At first glance it appeared that inheritance tax (IHT) emerged relatively unscathed from the 2023 Spring Budget. Certainly, none of the headline measures dealt directly with everybody’s favourite death tax. However, you need dig only a little below the surface to realise that the Chancellor materially reduced the international scope of a much-loved IHT relief: the IHT charitable exemption.

Testators are increasingly choosing to leave gifts to charities in their Wills. The value of these legacies, both to the charities themselves and to society at large, has been recognised by HMRC through the availability of certain IHT reliefs. Prior to the Spring Budget, the position was that a testamentary legacy to a UK charity, or to an equivalent organisation in the EU, Norway, Iceland or Lichtenstein (referred to here as EEA Charities), was exempt from IHT. In addition to that, where a testator left broadly 10% or more of their net estate to qualifying charities, their entire chargeable estate would benefit from a reduced rate of IHT, dropping from 40% to 36%.

The Finance No (2) Bill 2022-23 will change the definition of 'charity' so that only a charitable body subject to the jurisdiction of 'a relevant UK court' (such as the High Court in England, Wales or Northern Ireland and the Court of Session in Scotland) will be considered a charity for tax purposes. As EEA Charities typically do not meet this jurisdiction requirement, they will fall outside of the definition of 'charity' and will therefore cease to be eligible for UK charity tax reliefs. This change is not wholly unexpected: the restriction of charity tax reliefs to UK charities has been anticipated since Brexit

The result is that from 15 March 2023, testamentary legacies to EEA Charities will no longer be eligible for the IHT charitable exemption and will also not count towards the proportion of an estate that has been left to charity. In other words, only legacies to UK charities will benefit from the IHT charitable exemption. There is a transitional period for the 20 or so EEA Charities that are already registered with HMRC for charity tax reliefs: testamentary legacies to these organisations will instead cease qualifying as transfers to a charity on 1 April 2024.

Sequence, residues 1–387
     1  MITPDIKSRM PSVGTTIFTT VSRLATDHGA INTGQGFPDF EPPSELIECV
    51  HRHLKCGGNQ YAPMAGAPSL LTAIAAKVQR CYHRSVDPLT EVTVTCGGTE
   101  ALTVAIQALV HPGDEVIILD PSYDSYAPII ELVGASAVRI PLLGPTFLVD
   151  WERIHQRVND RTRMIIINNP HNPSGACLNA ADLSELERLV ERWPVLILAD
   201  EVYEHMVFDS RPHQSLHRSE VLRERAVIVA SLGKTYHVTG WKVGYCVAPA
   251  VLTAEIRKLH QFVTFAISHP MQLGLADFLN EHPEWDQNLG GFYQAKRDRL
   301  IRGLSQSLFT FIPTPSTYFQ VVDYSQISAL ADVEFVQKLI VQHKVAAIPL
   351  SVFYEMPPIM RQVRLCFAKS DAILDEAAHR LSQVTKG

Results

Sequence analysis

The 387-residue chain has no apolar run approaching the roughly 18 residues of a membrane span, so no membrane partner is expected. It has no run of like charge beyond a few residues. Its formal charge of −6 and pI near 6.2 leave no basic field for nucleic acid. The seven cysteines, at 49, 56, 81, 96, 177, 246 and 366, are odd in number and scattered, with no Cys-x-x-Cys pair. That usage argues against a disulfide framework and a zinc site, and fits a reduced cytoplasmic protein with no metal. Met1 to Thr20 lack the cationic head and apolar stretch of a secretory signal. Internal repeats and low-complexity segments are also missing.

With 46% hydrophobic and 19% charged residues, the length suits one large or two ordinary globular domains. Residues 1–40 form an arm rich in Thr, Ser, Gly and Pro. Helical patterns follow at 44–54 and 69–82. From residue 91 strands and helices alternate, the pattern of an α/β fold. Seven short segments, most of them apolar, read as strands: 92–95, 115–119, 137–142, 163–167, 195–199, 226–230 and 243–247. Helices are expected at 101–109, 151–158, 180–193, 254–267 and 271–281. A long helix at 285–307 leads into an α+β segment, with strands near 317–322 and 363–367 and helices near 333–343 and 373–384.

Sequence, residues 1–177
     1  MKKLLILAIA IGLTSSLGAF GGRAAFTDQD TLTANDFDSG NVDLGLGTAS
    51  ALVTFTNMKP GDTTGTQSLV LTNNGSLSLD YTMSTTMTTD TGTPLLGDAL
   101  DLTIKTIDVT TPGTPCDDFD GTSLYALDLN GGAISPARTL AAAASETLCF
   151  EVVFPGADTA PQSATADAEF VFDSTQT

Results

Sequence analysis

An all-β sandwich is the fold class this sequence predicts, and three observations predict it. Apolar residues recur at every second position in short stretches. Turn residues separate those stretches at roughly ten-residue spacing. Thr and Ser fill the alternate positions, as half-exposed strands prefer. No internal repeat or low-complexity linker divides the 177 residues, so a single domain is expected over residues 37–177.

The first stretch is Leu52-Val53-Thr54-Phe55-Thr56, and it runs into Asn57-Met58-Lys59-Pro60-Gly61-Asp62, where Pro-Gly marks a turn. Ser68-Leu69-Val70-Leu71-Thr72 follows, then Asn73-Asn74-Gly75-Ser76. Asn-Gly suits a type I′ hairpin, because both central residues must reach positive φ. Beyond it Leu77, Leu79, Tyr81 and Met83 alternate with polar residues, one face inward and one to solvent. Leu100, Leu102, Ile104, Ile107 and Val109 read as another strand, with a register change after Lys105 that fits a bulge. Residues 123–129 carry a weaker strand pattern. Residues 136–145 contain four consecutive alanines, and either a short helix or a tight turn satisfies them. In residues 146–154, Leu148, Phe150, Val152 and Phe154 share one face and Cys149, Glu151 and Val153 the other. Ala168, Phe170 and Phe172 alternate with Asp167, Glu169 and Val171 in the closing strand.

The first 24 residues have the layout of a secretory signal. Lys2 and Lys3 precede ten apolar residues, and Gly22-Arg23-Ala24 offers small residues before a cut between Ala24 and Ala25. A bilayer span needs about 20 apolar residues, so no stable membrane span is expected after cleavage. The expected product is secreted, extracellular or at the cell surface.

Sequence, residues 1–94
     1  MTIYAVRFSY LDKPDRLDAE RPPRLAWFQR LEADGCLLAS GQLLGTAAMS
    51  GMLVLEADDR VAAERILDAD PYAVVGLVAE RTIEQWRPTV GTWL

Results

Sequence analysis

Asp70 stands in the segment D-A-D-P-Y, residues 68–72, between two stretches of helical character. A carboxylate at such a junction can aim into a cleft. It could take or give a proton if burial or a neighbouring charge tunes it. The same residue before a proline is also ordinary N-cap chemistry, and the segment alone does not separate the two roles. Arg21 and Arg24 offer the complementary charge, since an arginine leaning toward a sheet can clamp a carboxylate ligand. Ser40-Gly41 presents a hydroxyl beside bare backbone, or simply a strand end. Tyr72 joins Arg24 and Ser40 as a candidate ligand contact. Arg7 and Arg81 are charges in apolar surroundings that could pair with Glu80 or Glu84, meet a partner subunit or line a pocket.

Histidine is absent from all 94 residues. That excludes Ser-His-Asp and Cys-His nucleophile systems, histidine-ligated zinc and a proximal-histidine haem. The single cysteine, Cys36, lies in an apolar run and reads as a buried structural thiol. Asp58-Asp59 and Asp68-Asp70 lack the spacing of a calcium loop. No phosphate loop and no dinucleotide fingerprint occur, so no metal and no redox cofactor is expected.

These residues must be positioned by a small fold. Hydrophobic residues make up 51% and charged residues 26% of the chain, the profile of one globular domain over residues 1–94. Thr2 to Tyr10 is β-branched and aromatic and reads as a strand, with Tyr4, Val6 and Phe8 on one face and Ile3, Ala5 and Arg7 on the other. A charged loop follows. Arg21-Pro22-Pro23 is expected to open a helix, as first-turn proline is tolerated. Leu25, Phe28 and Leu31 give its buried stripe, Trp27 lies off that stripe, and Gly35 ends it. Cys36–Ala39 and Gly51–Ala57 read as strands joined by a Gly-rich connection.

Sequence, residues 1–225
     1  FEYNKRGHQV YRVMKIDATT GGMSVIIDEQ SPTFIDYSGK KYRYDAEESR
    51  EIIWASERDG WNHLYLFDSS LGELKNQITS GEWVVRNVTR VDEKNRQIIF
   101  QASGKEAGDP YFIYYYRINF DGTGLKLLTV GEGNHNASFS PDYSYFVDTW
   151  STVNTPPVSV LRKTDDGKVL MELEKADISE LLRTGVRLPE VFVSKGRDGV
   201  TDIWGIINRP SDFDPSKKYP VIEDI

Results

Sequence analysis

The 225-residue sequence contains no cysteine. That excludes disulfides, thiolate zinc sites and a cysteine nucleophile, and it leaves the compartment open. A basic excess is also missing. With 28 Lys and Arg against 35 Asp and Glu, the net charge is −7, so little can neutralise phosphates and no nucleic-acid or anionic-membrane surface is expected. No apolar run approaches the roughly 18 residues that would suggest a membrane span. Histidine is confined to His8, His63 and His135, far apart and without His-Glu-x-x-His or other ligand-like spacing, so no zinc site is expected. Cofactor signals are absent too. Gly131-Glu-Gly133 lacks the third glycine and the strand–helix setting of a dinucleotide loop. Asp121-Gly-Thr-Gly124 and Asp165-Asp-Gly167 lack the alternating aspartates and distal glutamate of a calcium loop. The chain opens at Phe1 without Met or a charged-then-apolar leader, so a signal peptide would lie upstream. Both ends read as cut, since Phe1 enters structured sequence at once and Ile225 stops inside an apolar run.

The change in the rules complicates the IHT position for those testators who wish to leave a gift to an EEA charity in their Will. However, it does not close the door on their estate being able to claim the IHT charitable relief on legacies ultimately intended to support EEA charities. For example, many overseas charities have close relationships with UK charities that make grants to support their work (these are often known as 'Friends of...' charities). Another option might be for a testator to leave a legacy to a 'Donor Advised Fund' with instructions that it should be used to support the charitable purposes carried out by an overseas charity. In the UK, Donor Advised Funds are typically established by UK registered charities and so testamentary legacies to these entities will continue to attract the IHT charitable exemption.

There are therefore two main takeaways.

Firstly, it remains possible for the IHT charitable exemption to be claimed on a legacy that ultimately benefits a charitable organisation based in the EEA (or elsewhere in the world), providing the gift is made by way of a UK registered charity.

Secondly, a word of warning for those individuals whose Wills currently leave legacies outright to EEA charities. These legacies will no longer attract the IHT charitable exemption. It might be time to review your Will.

If you have any questions about leaving legacies to charitable organisations as part of your estate planning, or if you require advice about philanthropic giving during your lifetime, please do get in touch.